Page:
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Sharp-shinned Hawk, Laure Wilson Neish
Photo © Laure Wilson Neish

Photo: Laure Wilson Neish
Breeding evidence - Sharp-shinned Hawk
Breeding evidence
Probability of observation - Sharp-shinned Hawk
Probability of observation
Elevation plot - Sharp-shinned Hawk
Elevation plot

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Sharp-shinned Hawk
Accipiter striatus
Landscape associations:

Click on plot to view table of mean abundance
Elevation range:
0 - 1595 m
Conserv. status:
Not at risk
Global importance
of B.C. population:
6
Number of squares
ConfirmedProbablePossiblePoint counts
25 33 357 35
Long-term BBS trends
RegionYearsTrend (conf. interv.) Reliab.
Canada1970 - 2012 1.82 (-0.183 - 3.69)Medium

Mean abundance by region

Bird Conservation Regions [plot]
NW Interior ForestBoreal Taiga PlainsGreat BasinNorthern RockiesN. Pacific Rainforest
0.080.01 0.070.04 0.04
Ecoprovinces [plot]
N. Boreal Mountains Taiga Plains Boreal Plains Georgia Depression Sub-Boreal Interior
0.080.03 0.010.03 0.07
S. Interior Mountains Central Interior Southern Interior S. Alaska Mountains Coast & Mountains
0.040.04 0.07  0.05

Mean abundance by habitat [plot]

Boreal Altai Fescue AlpineBoreal White and Black SpruceBunchgrassCoastal Douglas-fir
 0.01  
Coastal Mountain-heather AlpineCoastal Western HemlockEngelmann Spruce -- Subalpine FirInterior Cedar -- Hemlock
 0.050.050.08
Interior Douglas-firInterior Mountain-heather AlpineMontane SpruceMountain Hemlock
0.07 0.04 
Ponderosa PineSpruce -- Willow -- BirchSub-Boreal Pine -- SpruceSub-Boreal Spruce
  0.060.04

Characteristics and Range The Sharp-shinned Hawk, or "Sharpy" as many birders refer to it, is the smallest of the North American hawks, and exhibits the most extreme sexual dimorphism of all of the continent's raptors. On average, the males are little more than half the size of the females (Bildstein and Meyer 2000). The species breeds across the Boreal Forest from Pacific to Atlantic coasts, and south in forested hill and mountain ranges to Mexico's Sierra Madre. It is a medium- to long-distance migrant, wintering in lowlands and across the southern two-thirds of North America into Central America. Sharp-shinned Hawks are very inconspicuous when breeding; they are more frequently seen on migration when individuals congregate along traditional migratory corridors, which in British Columbia include mountain ridgelines and coastal promontories.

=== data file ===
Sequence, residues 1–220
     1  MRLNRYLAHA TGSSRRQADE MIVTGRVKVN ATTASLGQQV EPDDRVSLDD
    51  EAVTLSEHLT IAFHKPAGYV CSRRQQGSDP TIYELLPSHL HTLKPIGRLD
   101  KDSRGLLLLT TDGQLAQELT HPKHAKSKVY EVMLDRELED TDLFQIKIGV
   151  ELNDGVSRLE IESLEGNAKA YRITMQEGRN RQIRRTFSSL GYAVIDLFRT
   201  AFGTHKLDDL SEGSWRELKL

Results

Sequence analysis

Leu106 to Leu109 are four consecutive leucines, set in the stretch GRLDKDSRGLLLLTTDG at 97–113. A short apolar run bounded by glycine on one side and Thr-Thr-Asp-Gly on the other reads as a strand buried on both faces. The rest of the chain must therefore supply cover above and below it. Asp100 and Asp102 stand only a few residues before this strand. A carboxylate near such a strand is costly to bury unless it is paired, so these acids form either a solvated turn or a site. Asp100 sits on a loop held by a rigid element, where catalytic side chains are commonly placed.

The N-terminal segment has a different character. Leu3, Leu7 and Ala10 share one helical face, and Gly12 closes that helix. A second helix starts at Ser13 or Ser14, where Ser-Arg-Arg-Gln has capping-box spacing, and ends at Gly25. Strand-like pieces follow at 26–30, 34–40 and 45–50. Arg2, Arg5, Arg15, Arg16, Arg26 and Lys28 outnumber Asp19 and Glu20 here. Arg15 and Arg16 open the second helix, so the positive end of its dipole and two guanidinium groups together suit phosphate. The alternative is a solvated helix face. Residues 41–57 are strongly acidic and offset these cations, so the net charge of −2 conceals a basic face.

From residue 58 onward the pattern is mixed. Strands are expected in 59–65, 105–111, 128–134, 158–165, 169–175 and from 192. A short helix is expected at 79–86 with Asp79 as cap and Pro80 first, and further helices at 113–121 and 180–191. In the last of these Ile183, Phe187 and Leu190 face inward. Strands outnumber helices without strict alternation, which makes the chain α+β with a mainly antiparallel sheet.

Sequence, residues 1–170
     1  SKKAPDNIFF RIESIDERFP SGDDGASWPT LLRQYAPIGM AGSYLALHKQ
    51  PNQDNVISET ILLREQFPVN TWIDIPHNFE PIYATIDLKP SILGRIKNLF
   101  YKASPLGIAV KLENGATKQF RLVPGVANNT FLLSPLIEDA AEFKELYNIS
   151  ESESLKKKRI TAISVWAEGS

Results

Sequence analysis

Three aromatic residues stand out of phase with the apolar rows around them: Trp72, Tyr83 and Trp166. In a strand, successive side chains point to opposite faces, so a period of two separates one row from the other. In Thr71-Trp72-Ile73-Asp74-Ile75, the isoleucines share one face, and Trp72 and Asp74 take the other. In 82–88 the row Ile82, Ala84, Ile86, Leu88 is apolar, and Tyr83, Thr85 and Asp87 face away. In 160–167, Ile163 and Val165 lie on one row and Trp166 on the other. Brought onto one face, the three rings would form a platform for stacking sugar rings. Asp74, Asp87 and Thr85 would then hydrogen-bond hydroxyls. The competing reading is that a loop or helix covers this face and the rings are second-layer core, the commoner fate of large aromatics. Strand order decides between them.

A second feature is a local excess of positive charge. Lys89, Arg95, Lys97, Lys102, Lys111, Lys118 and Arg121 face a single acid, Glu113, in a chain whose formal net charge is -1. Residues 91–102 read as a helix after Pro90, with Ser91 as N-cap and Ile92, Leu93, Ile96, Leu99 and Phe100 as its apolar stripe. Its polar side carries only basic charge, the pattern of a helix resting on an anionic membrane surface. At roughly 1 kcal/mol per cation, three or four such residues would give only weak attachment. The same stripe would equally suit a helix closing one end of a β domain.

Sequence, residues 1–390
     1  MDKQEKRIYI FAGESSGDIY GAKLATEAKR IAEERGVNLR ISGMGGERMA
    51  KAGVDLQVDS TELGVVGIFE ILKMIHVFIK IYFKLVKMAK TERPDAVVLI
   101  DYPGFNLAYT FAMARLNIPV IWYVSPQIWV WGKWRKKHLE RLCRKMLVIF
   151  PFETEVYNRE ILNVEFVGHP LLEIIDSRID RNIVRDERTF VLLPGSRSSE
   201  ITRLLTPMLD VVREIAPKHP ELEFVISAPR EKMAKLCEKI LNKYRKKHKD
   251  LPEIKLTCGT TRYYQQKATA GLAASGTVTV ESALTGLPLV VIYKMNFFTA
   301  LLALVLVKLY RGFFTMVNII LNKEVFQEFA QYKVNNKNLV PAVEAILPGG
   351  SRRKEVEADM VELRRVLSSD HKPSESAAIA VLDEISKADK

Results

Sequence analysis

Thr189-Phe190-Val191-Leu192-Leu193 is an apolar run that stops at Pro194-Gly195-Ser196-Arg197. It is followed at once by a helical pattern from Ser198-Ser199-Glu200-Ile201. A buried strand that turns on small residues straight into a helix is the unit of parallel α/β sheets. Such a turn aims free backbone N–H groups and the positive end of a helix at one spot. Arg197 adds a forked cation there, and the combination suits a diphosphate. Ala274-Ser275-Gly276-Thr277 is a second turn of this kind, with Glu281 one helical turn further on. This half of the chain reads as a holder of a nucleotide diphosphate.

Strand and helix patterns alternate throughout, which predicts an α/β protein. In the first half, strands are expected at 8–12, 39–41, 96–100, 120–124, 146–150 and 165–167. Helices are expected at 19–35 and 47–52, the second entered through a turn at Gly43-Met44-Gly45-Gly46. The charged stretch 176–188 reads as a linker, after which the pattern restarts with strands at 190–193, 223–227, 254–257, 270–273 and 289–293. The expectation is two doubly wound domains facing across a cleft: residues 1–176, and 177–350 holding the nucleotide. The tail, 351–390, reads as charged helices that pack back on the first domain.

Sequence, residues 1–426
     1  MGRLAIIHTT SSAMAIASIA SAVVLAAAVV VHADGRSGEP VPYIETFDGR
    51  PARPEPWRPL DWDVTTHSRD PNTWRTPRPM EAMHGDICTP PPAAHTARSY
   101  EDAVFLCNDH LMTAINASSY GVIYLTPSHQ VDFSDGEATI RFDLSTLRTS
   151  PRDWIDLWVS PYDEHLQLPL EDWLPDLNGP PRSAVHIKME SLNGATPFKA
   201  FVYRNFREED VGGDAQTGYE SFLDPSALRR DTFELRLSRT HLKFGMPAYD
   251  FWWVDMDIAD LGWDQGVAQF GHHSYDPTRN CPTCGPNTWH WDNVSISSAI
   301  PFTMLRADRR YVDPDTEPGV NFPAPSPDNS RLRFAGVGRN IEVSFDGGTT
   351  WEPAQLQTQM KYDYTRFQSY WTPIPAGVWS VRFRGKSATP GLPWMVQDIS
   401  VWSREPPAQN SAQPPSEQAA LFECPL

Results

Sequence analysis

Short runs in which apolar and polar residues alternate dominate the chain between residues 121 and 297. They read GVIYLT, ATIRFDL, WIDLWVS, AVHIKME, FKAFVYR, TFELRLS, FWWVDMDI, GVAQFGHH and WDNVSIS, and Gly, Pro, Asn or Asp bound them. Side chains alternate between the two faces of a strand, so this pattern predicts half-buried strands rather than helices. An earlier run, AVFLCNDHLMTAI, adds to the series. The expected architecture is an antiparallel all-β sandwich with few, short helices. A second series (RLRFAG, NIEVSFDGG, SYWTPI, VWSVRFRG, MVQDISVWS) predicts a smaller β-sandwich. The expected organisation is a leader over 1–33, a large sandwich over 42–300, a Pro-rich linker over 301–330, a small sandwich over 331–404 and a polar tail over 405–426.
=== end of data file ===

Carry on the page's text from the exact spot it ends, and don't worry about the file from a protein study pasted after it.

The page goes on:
Distribution, Abundance, and Habitat The Sharp-shinned Hawk is widespread across the entire province during the breeding season, but confirmed and even probable evidence of breeding is rather scant because of the bird's inconspicuous behaviour and more remote, least disturbed habitat choice. The distribution has not changed since The Birds of British Columbia was published in 1990, but the Atlas did confirm breeding on Haida Gwaii, perhaps for the first time.

The species is nowhere numerous in British Columbia. The Probability of Observation model suggests it is more likely to be encountered in the Boreal-Taiga Plains, and Northern Rocky Mountain Trench from the Interior Plateau to the Liard River catchment, than elsewhere. Too few data were collected to draw any conclusions on abundance.

It chooses extensive stands of deciduous, mixed and coniferous forest to nest in, often close to water, and across a wide elevation range, breeding at lower elevations in coastal regions than in the interior (Campbell et al. 1990). Breeding is usually timed to coincide with the peak abundance of songbirds, the Sharp-shinned Hawk's primary prey (Bildstein and Meyer 2000).

Conservation and Recommendations There are no conservation concerns for this raptor, which has rebounded from organochlorine pesticide-driven declines in the early-mid 20th Century, and undergone large population increases since the 1970s based on Breeding Bird Survey and Christmas Bird Count data (Environment Canada 2011).

Peter J.A. Davidson

Recommended citation: Davidson, P.J.A. 2015. Sharp-shinned Hawk in Davidson, P.J.A., R.J. Cannings, A.R. Couturier, D. Lepage, and C.M. Di Corrado (eds.). The Atlas of the Breeding Birds of British Columbia, 2008-2012. Bird Studies Canada. Delta, B.C. http://www.birdatlas.bc.ca/accounts/speciesaccount.jsp?sp=SSHA&lang=en [13 Dec 2018]

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